07 November 2016

Denying they are colonial powers, the United Kingdom and the United States vote against decolonization at the United Nations

The two colonial powers which administer the majority of the non self-governing territories worldwide rejected their role in ending colonialism while the third colonial power (France) abstained from voting. Meanwhile, Côte d’Ivoire, a beneficiary of the United Nations decolonization Declaration of 1960, curiously voted against the resolution while Columbia inexplicably joined France in abstaining on the measure.



Fourth Committee Approves Text on Implementing DecolonizationDeclaration by 130 Recorded Votes in Favour, 2 against, 2 Abstentions

Before it began its general debate on outer space issues today, the Fourth Committee (Special Political and Decolonization) concluded its consideration of decolonization questions by approving a draft resolution on implementing the Declaration on Granting Independence to Colonial Countries and Peoples.

The Committee approved the draft by a recorded vote of 130 in favour to 5 against (Côte d’Ivoire, Israel, Morocco, United Kingdom, United States), with 2 abstentions (Colombia, France).  
By its terms, the General Assembly would call upon administering Powers of Non-Self-Governing Territories to continue to cooperate with the Special Committee on Decolonization in the discharge of its mandate. The text would also have the Assembly call upon administering Powers to facilitate the Special Committee’s visiting missions to the Territories on a case-by-case basis, and ensure that economic and other activities in the Territories would not adversely affect their peoples’ interests but instead promote development.

Before the Committee was the draft resolution “Implementation of the Declaration on the Granting of Independence to Colonial Countries and Peoples”, contained in document A/71/23, chapter XIII, p. 56).

Action on Draft Resolution

The representative of the United Kingdom, speaking in explanation of position, said his delegation still found some elements of the text unacceptable and had voted against it, adding that the United Kingdom remained committed to modernizing its relationship with its Overseas Territories.

The representative of Argentina pointed out that visiting missions were only conducted in Territories over which there was no sovereignty dispute recognized by the United Nations. The Committee’s doctrine on that matter was clear, he said, emphasizing that each case should be considered individually and in accordance with the relevant resolutions.

The representative of the United States, while voicing her country’s full support for the right to self-determination, reiterated her concern that the Special Committee on Decolonization continued to call for independence in certain Territories, irrespective of the will of their peoples. The United States had joined the consensus on Territory-specific resolutions, as in previous years, but would call upon the Special Committee to respect the right of the Territories’ peoples to choose freely their political status in relation to their administering Power, including when a Territory chose to be in free association or to integrate with its administering Power.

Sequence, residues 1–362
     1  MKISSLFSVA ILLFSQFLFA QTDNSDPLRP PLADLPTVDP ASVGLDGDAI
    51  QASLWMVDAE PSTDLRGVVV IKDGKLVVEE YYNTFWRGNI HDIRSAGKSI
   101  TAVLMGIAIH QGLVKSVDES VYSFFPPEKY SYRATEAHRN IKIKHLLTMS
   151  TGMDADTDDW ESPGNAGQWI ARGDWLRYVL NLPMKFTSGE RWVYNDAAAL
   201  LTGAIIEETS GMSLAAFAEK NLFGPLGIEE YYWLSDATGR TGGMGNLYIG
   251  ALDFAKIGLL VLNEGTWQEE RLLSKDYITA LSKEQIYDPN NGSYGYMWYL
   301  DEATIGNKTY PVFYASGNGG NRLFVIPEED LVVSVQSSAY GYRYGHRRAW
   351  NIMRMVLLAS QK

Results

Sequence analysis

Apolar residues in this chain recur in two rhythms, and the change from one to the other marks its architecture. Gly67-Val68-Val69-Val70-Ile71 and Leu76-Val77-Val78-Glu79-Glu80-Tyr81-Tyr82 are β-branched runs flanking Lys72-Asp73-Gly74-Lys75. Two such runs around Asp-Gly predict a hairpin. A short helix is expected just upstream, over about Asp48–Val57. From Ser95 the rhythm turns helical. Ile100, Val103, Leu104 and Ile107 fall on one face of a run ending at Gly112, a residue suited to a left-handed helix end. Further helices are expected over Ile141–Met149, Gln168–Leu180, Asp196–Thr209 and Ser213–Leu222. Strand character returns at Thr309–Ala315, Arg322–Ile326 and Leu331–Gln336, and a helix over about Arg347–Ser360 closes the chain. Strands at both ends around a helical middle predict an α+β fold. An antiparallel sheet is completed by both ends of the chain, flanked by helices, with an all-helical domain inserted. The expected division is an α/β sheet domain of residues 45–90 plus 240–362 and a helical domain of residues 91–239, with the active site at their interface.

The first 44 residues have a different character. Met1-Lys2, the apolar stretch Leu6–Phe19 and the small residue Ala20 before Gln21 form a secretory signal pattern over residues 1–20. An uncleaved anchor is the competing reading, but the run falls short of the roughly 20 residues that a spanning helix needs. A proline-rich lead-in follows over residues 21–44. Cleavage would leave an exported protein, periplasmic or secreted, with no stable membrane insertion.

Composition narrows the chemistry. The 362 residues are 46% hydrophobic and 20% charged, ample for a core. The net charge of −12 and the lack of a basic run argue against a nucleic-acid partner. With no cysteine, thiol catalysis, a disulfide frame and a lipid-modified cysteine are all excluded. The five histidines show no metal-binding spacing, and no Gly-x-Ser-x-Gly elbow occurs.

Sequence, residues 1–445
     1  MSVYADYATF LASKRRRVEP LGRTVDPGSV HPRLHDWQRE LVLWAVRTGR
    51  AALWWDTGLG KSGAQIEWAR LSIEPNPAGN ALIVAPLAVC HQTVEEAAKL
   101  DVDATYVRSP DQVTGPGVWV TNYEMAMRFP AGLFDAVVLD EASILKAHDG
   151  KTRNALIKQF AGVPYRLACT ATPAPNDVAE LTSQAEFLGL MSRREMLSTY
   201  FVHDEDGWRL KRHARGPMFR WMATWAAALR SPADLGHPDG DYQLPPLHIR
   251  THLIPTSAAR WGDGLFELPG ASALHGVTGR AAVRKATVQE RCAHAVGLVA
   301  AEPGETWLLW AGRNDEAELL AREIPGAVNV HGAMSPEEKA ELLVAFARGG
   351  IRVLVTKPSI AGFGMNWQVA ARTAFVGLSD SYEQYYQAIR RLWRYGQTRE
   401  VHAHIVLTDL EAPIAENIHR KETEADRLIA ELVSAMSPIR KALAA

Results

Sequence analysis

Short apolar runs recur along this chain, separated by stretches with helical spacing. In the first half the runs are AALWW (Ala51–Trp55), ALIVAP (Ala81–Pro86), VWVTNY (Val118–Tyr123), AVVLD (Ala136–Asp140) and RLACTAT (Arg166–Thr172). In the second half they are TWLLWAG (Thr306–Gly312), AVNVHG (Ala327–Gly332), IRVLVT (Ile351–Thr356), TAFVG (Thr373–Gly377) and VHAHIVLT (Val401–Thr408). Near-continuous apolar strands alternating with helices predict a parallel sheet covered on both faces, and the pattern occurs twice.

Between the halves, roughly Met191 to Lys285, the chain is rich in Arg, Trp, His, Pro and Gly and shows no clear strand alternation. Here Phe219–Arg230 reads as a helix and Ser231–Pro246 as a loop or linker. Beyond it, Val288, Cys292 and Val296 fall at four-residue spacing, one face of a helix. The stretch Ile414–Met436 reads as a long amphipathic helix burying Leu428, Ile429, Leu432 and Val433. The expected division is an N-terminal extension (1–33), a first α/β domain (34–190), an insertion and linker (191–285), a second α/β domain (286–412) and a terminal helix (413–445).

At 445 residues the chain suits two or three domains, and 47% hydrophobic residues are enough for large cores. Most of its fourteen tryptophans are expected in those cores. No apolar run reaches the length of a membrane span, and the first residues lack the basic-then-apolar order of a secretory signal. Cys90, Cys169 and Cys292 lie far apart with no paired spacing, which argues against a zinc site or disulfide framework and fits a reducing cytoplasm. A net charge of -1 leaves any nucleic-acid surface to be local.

The representative of Spain said he had voted in favour of the text because it supported the principle of self-determination. However, that was not the only principle in issues of decolonization, he said, adding that questions like Gibraltar involved the principle of territorial integrity. He said that his delegation had also indicated that visiting missions could only be undertaken in Territories where the right to self-determination applied, and not where a sovereignty dispute existed, emphasizing that the General Assembly must approve all visiting missions.

Puerto Rico economic crisis dominates race for non-voting resident commissioner to the US House of Representatives


By Larry Luxner 

SAN JUAN — It’s another 85-degree afternoon in Old San Juan, and dozens of cruise ship passengers stroll along the waterfront, casually making their way toward Pier 4, where the 110,000-ton Carnival Glory awaits them. An elderly man walks by, selling coco, piña and parcha-flavored ice cream to tourists, while a local entertainer wrapped in the red, white and blue Puerto Rican flag sings “Stand By Me” in front of a kiosk selling Puerto Rico-themed baseball caps, license plates and necklaces.
Residents of San Juan joyously wave Puerto Rican flags in celebration of tennis champion Monica Puig, winner of the island's first-ever gold medal at the 2016 Olympics in Rio de Janeiro.
The musician, known only as “El Gallo de San Juan,” has been here for 20 years, arriving every morning at 8 a.m. and walking up and down the entire waterfront with his songs and trinkets.
“The people are buying,” he says. “They don’t spend a lot. They buy cheap things, but they’re buying.”
Directly across the street is the Hacienda, Puerto Rico’s Treasury Department, which chafes under the weight of the island’s $68 billion budget deficit. But the tourists — clad mostly in shorts, T-shirts and flip-flops — don’t seem to care, any more than they care about the Zika epidemic that’s frightened so many islanders or the staggering brain drain that has seen hundreds of thousands of Puerto Ricans flee for the U.S. mainland in the wake of economic stagnancy.